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Me diving

Monday, October 3, 2022

Cordell 2022

We haven't been to Cordell Bank since 2016, and it wasn't for lack of trying.  Every year except 2020, we had a weather window set up for the project, but we never managed to have a long enough period of good weather to get the boat up to Bodega Bay, dive, and get the boat back to Monterey.  So this year, we did things a bit differently.  Instead of looking for a period of 4-ish days of consecutive good weather, we had a weather window on the longer side (4 weeks), and we moved the boat on the first day that the weather was good enough to move it -- making the assumption that within the rest of the 4 weeks, in the worst case, we'd have at least one day to get the boat back, and in all likelihood several good weather days to allow for diving and getting the boat back.  This approach was very successful.  We ended up moving the boat in the first week of the weather window, keeping the boat in Bodega Bay for two and a half weeks, and getting in 5 days of diving!  

So I'd call the new approach a success.  The downside was that there was a lot of driving up and back from Bodega Bay -- I had a total of 4 trips, including the trip to pick up Rob and Jim after they delivered the boat.  Also, since we were staying a couple days at a time, we didn't stay in the Bodega Bay Marine Lab Housing, and instead got AirBnb's just-in-time.  This resulted in some variation in the quality of the accommodations -- the first weekend we stayed in an awesome house, the second weekend we stayed in a much less nice place, and the third weekend (which didn't end up generating any diving, due to fog), we stayed at a pretty nice place.  But I think we will definitely go the AirBnb route in the future, though next time I will remember to bring my own sheep.

This year, we were toting some extra gear on the dive.  The Office of Marine Sanctuaries has been doing this project where they create 360 degree VR videos of marine sanctuaries, so they wanted us to gather footage using their camera ("the Boxfish").  The camera is a beast, and is somewhat complex to use.  Nick, the NOAA keeper of the camera, came out to Monterey for a few days in August to show us how to use it.

Anyhoo, here are the reports day by day:

Day 1: Northern West Ridge

Day 2: Quillback Ridge

Day 3: Craine's Point

Day 4: Back to Northern West Ridge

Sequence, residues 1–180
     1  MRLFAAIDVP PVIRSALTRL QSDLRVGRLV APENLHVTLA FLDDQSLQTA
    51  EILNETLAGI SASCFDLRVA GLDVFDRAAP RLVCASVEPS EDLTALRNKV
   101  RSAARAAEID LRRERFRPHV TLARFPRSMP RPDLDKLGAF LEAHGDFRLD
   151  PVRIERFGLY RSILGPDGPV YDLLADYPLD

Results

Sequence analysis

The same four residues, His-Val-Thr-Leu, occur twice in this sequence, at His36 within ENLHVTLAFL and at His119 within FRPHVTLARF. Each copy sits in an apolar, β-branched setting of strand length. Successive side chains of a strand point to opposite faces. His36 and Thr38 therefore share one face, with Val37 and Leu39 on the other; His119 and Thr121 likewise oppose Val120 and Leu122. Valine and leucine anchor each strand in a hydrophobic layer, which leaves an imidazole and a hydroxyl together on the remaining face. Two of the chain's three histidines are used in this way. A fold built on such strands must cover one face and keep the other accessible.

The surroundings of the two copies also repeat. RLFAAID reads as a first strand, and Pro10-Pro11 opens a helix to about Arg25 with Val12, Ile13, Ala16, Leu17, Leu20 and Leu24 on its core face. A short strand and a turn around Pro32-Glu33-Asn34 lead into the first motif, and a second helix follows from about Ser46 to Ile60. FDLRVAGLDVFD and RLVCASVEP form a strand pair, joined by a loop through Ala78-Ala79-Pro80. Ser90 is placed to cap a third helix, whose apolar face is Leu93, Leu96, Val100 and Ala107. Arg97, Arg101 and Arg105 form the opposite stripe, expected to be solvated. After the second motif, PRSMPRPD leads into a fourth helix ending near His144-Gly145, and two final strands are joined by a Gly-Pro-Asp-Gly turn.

Day 5: Northern East Ridge

Sunday, October 2, 2022

Cordell 2022 Day 5: Northern East Ridge

Today was supposed to be the flattest day of the year (by my definition anyway) according to the forecast. As we first headed out, it was flat but not spectacularly flat, and it improved as we got out to the Bank. But still not really flattest day of the year conditions. As we were setting the down line, apparently they had trouble finding the top of the structure because of a big school of fish on the depth sounder. So I was expecting that. The water looked clear from the top, and as we headed down, it was warm but not murky, but also not quite as clear as it was midwater on yesterday’s dive.

As we approached the structure I was a bit disappointed by the lack of schooling fish. But the viz was great and the reef was as encrusted as I remembered it. One thing I like about this spot is it has bigger heads of pink hydrocoral than the other sites on the bank. Plus tons of elephant ear sponges and corynactis. There was a bit more dark red algae than I remembered. This dive reinforced my belief that the unnamed site from last weekend was most similar to this spot. I spent a bunch of time video’ing the area around where we dropped, mostly on top of the structure. There were tons and tons of rosy rockfish, a few big yelloweyes and lots of young ones, and quite a few not-that-big lingcod.

At some point I followed Rob and Kevin to a different ridge to the East. On the north end, there was a big school of rockfish. Actually two schools, one of adults, one of young of year. The adult school was mostly blues, which was different. In addition to being fishy, this part of the reef was prettier. More densely covered, plus less algae. I think this is the spot we have dived previously, or at least the one I have a picture of in my head.

We had left the boxfish over on the first ridge, so at some point Rob signaled that he was going to get it. We followed him over, and only at this point did I really appreciate how insanely good the viz was! You could see the light from the boxfish across the sand channel and down the ridge. Rob picked up the boxfish and moved it to the other ridge, where I think it got some great fishy footage.